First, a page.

wherein, if the address stored in the memory is usable, the computer uses the address.
Description
BACKGROUND OF THE INVENTION

1. Field of the Invention

The present invention relates to a power-saving control of a network device.

2. Description of the Related Art

In recent years, energy-saving standards have become stricter and in order to comply with the standards, some methods of shutting off the power supply of a CPU in a power-saving mode have already come into practical use.

On the other hand, in printers or multifunctional devices for network, it has become increasingly necessary to return from the power-saving mode to a normal operation mode at high speed. Further, since the sizes of programs of recent multifunctional devices have been increasing, if all programs are stored on a ROM, the costs increase. Accordingly, in some of the multifunctional devices, the hard disk is commonly used as an image storage unit, and the programs are also stored on a part of the region of the hard disk.

However, in this case, after start-up, the programs are downloaded from the hard disk to a RAM, and then, the programs are executed on the RAM. As a result of the using the RAM to store such programs, the processing speed of the device becomes slower bringing about a factor which conflicts with the above requirement of high-speed return.

Therefore, a method of shutting off the power supply of CPU while retaining a program expanded on a RAM has been proposed (Japanese Patent Application Laid-open No. 2004-005029). In such a method in which the power-saving mode is realized by shutting off the power supply of CPU, with respect to some network protocols that the device supports, there arises a problem described below. For example, when the APPLETALK network protocol is implemented, in each device on the network which uses the APPLETALK network protocol, a protocol address is dynamically changed.

Accordingly, the protocol address which is used by the device can be allocated to the other device while the device is entering the power-saving mode. That is, the protocol address used before entering the power-saving mode overlaps with the protocol address of the other device, and the protocol address cannot be used any more.

To solve the problem, a device which supports the APPLETALK network protocol tries to frequently return from the power-saving mode and monitor packets on the network in order to determine whether there is no problem with the protocol address currently being used (whether it is possible to continue to be used). However, if the device frequently returns from the power-saving mode, it is not substantially possible to enter the power-saving mode to shut down the power supply of the CPU.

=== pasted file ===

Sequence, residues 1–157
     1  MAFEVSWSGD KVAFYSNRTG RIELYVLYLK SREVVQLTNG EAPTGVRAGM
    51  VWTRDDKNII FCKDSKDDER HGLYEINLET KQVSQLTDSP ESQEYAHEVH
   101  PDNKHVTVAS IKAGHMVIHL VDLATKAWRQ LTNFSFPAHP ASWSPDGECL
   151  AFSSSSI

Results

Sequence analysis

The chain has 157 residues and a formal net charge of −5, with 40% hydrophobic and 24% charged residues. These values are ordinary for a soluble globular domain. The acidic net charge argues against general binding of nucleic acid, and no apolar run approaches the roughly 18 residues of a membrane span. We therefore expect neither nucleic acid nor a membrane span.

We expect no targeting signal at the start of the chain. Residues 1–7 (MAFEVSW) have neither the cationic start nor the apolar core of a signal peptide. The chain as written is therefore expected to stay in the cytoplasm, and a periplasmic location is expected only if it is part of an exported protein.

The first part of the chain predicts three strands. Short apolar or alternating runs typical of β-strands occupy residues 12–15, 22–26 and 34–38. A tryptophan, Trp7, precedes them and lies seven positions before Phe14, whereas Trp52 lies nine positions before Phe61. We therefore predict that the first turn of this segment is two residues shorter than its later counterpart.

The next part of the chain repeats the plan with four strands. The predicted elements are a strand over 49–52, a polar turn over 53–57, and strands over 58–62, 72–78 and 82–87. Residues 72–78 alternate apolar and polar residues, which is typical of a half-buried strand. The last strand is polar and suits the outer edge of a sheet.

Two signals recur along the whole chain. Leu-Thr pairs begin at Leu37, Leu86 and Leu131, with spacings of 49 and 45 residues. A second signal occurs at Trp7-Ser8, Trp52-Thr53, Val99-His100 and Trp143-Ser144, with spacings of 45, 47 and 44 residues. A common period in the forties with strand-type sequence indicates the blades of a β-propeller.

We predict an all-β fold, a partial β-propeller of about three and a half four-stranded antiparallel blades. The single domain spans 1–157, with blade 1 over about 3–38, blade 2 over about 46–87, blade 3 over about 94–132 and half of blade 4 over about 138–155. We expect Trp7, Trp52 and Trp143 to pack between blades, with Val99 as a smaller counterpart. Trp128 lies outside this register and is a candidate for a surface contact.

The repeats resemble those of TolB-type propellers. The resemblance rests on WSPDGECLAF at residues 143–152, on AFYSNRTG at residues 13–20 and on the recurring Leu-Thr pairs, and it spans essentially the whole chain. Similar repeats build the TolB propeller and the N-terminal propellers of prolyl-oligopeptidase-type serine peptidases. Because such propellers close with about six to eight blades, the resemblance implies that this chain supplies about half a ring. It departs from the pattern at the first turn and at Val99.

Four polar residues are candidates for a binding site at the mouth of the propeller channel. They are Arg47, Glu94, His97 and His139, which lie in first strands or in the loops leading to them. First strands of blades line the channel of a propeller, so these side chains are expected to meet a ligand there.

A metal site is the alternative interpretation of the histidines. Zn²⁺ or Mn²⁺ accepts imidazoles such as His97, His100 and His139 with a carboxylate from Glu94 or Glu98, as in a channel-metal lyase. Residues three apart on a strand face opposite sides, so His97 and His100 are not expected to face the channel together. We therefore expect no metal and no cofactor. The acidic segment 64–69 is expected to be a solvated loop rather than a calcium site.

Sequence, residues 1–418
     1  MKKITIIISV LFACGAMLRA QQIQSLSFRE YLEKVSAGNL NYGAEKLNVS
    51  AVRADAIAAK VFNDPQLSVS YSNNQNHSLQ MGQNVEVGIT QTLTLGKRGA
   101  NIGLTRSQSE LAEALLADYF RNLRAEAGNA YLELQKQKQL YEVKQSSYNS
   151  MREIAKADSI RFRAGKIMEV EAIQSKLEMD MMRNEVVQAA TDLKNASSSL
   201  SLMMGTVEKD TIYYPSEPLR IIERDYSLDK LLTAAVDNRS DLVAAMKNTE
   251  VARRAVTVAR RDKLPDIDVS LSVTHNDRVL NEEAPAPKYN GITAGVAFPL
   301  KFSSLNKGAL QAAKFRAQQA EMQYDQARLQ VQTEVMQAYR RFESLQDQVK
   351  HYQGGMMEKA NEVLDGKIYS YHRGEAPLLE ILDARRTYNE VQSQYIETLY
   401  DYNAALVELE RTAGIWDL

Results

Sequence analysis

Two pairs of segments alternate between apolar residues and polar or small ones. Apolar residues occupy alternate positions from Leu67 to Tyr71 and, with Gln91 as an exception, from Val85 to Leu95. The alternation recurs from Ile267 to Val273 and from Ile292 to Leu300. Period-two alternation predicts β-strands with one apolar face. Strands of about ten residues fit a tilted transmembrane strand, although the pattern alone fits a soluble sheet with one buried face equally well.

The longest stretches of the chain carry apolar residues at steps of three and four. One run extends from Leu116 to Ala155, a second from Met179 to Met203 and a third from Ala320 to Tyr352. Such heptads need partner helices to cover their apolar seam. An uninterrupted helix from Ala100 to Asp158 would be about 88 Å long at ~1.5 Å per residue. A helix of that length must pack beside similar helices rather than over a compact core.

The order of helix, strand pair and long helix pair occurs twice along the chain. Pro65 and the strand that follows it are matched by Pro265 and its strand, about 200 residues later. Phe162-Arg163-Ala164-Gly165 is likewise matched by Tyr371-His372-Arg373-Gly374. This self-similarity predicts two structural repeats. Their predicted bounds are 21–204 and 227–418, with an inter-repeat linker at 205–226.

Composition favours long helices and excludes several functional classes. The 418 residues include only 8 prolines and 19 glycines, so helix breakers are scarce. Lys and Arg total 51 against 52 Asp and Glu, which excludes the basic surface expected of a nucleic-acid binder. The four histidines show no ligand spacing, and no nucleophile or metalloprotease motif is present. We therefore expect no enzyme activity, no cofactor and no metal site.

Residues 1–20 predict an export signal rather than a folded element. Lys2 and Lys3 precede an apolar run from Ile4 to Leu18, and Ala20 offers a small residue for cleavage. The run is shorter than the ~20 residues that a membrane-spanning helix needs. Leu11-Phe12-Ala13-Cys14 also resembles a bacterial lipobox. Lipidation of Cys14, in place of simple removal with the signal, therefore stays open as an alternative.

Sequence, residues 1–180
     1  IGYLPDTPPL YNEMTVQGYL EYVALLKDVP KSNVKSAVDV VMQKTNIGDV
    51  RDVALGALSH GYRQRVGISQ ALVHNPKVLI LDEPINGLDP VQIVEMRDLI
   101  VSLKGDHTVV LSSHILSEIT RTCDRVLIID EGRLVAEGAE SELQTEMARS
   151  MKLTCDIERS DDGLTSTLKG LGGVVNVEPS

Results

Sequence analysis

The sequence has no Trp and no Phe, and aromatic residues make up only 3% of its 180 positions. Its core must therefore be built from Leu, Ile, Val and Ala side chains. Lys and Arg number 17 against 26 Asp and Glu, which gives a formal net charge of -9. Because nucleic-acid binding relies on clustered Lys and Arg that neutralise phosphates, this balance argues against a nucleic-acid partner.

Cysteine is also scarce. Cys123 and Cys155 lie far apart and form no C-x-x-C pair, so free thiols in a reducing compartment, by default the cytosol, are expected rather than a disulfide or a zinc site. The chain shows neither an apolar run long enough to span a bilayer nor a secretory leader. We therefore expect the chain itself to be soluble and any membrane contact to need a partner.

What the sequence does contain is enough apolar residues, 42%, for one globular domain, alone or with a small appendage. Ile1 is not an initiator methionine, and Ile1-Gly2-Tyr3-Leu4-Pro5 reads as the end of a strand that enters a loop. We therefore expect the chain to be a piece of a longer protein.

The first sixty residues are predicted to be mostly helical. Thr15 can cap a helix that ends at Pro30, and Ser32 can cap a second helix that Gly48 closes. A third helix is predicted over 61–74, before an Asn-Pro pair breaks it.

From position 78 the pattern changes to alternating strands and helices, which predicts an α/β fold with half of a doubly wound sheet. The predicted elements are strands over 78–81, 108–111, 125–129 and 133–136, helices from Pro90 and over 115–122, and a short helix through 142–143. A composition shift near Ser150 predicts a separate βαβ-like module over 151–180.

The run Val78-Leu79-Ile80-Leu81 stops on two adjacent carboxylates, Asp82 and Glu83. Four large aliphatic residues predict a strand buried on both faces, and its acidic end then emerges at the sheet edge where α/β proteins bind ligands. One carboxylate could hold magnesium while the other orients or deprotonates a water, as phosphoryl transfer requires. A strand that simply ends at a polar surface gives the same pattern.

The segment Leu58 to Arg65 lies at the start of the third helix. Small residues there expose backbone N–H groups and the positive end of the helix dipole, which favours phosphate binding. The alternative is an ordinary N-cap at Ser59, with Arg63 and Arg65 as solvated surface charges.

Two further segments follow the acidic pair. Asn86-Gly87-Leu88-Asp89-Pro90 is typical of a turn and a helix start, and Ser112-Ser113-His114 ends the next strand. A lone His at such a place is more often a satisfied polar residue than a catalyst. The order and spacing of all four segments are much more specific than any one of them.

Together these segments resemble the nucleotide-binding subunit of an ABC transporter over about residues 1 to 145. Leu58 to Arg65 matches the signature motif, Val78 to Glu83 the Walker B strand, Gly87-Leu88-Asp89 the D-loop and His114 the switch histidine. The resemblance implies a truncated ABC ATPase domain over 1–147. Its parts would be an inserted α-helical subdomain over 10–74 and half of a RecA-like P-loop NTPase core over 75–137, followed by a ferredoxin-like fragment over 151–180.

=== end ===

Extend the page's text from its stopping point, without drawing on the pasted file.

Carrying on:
Next, as an example of a dynamic protocol address, a DHCP protocol of the TCP/IP is taken. In the case of the DHCP protocol, it is necessary to constantly request a server to update an IP address which is acquired by a device from a DHCP server. Accordingly, if the intervals of the IP address update are short, it is also difficult to enter the power-saving mode.

SUMMARY OF THE INVENTION

The present invention is directed to realizing power-saving by entering a power-saving state even if a network device operates in a condition that an address is dynamically changed such as the APPLETALK network protocol, or the DHCP of the TCP/IP.

According to an aspect of the present invention, a device is provided which is communicatable through a network by using an address corresponding to a predetermined communication protocol and capable of entering a power-saving state. The device includes a storage unit configured to store an address being used by the device; and a determination unit configured to determine whether the address stored on the storage unit is usable when the power-saving state is released; wherein, if the address stored on the storage unit is usable, the device uses the address.

According to another aspect of the present invention, the device uses a new address if the address stored on the storage unit is not usable. According to yet another aspect of the present invention, the determination unit outputs information including the address to the network, and depending on existence of a response, determines whether the address is usable.

According to another aspect of the present invention, the device may further include a control information storage unit configured to store control information for returning to the processing operation at the time when the device enters the power-saving state; and a return unit configured to return to the processing by using the control information stored on the control information storage unit when the power-saving state is released.

According to another aspect of the present invention, the storage unit stores a name which is used by the device and used for identifying the device on the network; the determination unit determines whether the name stored on the storage unit is usable when the power-saving state is released; and the device uses the name when the name stored on the storage unit is usable.

According to another aspect of the present invention, the address is a protocol address of the APPLETALK network protocol or an IP address of the TPC/IP. Moreover, according to yet another aspect of the present invention, the address stored on the storage unit includes a network number; and the determination unit determines whether the address is usable depending on whether the address stored on the storage unit is within a range of a network number of a router.